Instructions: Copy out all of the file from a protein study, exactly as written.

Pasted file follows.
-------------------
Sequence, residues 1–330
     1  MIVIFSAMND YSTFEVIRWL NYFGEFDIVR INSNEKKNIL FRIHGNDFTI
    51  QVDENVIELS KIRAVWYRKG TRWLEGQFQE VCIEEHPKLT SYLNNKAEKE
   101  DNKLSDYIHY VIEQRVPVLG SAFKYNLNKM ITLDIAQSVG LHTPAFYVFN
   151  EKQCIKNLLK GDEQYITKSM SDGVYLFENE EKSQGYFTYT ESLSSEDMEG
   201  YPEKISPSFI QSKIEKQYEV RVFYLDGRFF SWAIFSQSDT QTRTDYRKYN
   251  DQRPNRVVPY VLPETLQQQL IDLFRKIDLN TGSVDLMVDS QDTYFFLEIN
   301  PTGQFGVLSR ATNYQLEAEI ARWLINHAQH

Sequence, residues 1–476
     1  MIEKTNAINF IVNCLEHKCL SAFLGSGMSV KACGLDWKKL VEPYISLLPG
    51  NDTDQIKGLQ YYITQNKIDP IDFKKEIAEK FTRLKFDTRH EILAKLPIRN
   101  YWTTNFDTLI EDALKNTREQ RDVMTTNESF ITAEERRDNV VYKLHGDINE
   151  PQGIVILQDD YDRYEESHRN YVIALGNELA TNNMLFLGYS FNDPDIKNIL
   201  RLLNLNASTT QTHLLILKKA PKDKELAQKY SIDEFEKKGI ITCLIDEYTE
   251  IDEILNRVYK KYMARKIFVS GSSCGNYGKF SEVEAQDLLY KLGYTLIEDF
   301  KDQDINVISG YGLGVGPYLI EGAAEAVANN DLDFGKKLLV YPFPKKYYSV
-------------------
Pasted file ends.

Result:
Sequence, residues 1–330
     1  MIVIFSAMND YSTFEVIRWL NYFGEFDIVR INSNEKKNIL FRIHGNDFTI
    51  QVDENVIELS KIRAVWYRKG TRWLEGQFQE VCIEEHPKLT SYLNNKAEKE
   101  DNKLSDYIHY VIEQRVPVLG SAFKYNLNKM ITLDIAQSVG LHTPAFYVFN
   151  EKQCIKNLLK GDEQYITKSM SDGVYLFENE EKSQGYFTYT ESLSSEDMEG
   201  YPEKISPSFI QSKIEKQYEV RVFYLDGRFF SWAIFSQSDT QTRTDYRKYN
   251  DQRPNRVVPY VLPETLQQQL IDLFRKIDLN TGSVDLMVDS QDTYFFLEIN
   301  PTGQFGVLSR ATNYQLEAEI ARWLINHAQH

Sequence, residues 1–476
     1  MIEKTNAINF IVNCLEHKCL SAFLGSGMSV KACGLDWKKL VEPYISLLPG
    51  NDTDQIKGLQ YYITQNKIDP IDFKKEIAEK FTRLKFDTRH EILAKLPIRN
   101  YWTTNFDTLI EDALKNTREQ RDVMTTNESF ITAEERRDNV VYKLHGDINE
   151  PQGIVILQDD YDRYEESHRN YVIALGNELA TNNMLFLGYS FNDPDIKNIL
   201  RLLNLNASTT QTHLLILKKA PKDKELAQKY SIDEFEKKGI ITCLIDEYTE
   251  IDEILNRVYK KYMARKIFVS GSSCGNYGKF SEVEAQDLLY KLGYTLIEDF
   301  KDQDINVISG YGLGVGPYLI EGAAEAVANN DLDFGKKLLV YPFPKKYYSV